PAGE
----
Roman Britain

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Part 6: Daily Life

Also confronting any northern raiders (Picts and Scots) would be a series of ditches and berms on the northern side of the wall and a number of forts staffed with Roman troops on the southern side of the wall. About 10,000 soldiers in all filled the forts along the wall, including cavalry units of 1,000 troops stationed at either end.

One of those forts along the wall was at Vindolanda. And from this settlement have been recovered the Vindolanda tablets, the oldest surviving handwritten documents in the whole of Britain.

These are examples of something uncommon: writing in ink on wood. Most writing at this time was done on wax tablets. They are also uncommon in how they were made. The Romans at Vindolanda sourced local wood, so that would have been alder and birch and oak. Elsewhere, the Romans used imported wood. The Vindolanda ink was a mixture of carbon, gum arabic, and water.

The tablets are the size of a postcard. They are scored down the middle and then folded to form a diptych, so they fold up, protecting the writing inside. Archaeologists have found several hundred of these in some part, unearthed in a 1973 excavation.

They are official military records, and they are also personal messages from soldiers to their families, including a party invitation. That is known as Tablet 291, and it is written from a fort commander's wife, Claudia Severa, to her friend Sulpicia Lepidina. It's an invitation to a birthday party. It is also one of the earliest known examples of writing in Latin by a woman.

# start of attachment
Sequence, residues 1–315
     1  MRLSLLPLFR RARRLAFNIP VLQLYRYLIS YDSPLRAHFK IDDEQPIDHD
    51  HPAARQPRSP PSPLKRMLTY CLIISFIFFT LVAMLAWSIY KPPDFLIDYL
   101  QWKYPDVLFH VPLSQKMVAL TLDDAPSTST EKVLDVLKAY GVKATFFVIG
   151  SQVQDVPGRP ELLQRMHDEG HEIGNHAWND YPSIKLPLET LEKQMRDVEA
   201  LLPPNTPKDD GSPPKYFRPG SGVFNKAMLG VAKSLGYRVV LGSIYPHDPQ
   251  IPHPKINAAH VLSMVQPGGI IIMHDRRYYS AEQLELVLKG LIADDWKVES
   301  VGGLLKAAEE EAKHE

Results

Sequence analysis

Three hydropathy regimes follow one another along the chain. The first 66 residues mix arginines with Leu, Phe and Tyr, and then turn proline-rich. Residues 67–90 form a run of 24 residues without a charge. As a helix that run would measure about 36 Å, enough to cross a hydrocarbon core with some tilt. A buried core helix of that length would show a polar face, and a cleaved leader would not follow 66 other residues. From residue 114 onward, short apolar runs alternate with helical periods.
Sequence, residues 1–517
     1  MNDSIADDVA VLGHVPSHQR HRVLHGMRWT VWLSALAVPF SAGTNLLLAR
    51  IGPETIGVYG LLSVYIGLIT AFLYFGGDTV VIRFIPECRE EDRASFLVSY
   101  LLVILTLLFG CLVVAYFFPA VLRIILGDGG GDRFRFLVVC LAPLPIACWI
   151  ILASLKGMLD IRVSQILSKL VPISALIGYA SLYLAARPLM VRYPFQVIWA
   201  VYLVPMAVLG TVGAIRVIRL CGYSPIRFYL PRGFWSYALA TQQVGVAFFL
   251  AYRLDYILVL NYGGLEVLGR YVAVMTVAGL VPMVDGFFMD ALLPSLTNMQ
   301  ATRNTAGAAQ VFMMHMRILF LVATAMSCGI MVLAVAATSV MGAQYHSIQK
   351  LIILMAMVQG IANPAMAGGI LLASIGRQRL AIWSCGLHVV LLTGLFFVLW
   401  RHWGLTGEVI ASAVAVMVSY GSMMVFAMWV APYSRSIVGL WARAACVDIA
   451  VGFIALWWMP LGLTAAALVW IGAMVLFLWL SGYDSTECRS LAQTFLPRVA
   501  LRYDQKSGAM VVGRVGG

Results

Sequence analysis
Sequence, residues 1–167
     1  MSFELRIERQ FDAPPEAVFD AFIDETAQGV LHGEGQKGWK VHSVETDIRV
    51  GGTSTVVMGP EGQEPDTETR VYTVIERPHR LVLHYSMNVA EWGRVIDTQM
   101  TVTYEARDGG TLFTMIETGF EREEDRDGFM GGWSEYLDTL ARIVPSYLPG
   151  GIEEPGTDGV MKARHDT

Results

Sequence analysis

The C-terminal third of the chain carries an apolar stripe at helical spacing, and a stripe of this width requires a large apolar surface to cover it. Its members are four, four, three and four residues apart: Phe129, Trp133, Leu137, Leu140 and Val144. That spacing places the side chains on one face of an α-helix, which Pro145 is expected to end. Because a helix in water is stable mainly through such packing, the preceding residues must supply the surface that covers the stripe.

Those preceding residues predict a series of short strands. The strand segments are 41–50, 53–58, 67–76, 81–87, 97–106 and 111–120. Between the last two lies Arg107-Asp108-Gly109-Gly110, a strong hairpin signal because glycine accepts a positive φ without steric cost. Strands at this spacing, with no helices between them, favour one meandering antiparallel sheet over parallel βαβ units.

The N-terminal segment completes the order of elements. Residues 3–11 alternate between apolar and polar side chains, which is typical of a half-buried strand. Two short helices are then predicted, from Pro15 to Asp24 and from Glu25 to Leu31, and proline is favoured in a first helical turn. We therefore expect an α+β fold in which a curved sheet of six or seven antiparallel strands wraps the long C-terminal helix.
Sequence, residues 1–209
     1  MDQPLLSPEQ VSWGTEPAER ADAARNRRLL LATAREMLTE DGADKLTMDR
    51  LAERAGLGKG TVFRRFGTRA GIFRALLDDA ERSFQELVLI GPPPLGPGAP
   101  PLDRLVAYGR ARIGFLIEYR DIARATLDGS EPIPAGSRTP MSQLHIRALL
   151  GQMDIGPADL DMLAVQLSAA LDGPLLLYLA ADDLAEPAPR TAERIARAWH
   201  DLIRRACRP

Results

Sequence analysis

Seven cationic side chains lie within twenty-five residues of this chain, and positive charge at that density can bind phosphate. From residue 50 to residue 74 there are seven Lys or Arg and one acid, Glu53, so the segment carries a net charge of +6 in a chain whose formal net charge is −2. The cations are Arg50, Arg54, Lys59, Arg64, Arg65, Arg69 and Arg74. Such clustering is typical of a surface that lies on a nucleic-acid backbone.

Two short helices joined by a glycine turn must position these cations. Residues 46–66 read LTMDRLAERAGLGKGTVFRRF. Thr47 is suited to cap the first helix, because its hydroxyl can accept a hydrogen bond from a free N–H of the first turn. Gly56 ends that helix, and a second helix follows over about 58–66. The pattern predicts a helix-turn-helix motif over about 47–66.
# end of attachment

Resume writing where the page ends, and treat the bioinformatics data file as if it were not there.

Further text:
Hadrian's Wall was largely successful at stopping the raiding of Roman territory by northerners.

But Hadrian himself died in 138, and his successor, Antoninus Pius, decided to build another wall, this one farther north, in what came to be called the Scottish Lowlands.

The Antonine Wall, begun in 142, was 99 miles north of Hadrian's Wall.

This new wall was 40 Roman miles long, or nearly 43 miles long, and ran from the Firth of Forth to the River Clyde. Nearly two dozen forts were built as well.

This new wall was made of hardened turf, with a bit of a stone foundation, and was a bit more than 310 feet high and 16 feet high wide. A deep ditch on the northern side was designed to at least slow down any sudden attacks. On the south side was a road known as the Military Way, which linked all of the forts.

Rome would have occupied all of the territory in between; but although Antoninus succeeded in that regard, he didn't do any better than Hadrian had at conquering the northern tribes. Roman soldiers occupied the Antonine Wall for only 8 years. The new emperor, Marcus Aurelius, ordered a withdrawal to Hadrian’s Wall in 164.

Historians don’t have anything like a soldier’s diary from these times; they know of sustained attacks from the north in 180 and between 190 and 197.

In the early 3rd Century, Rome had a new emperor, Septimius Severus. He was the first African emperor of Rome, and he settled himself onto the throne in 193. Severus spends a decade or so consolidating his position. Then, in 208, he ordered repairs to Hadrian's Wall, and he came over personally to oversee some of the work. Whether he intended it or not, this led to a new name for the wall, the Severan Wall.

This Severan reconstruction was referred to as such by a few medieval chroniclers, but the name Severan Wall didn’t stick. The wall is still called Hadrian’s Wall today.

Part 7: On to Exodus

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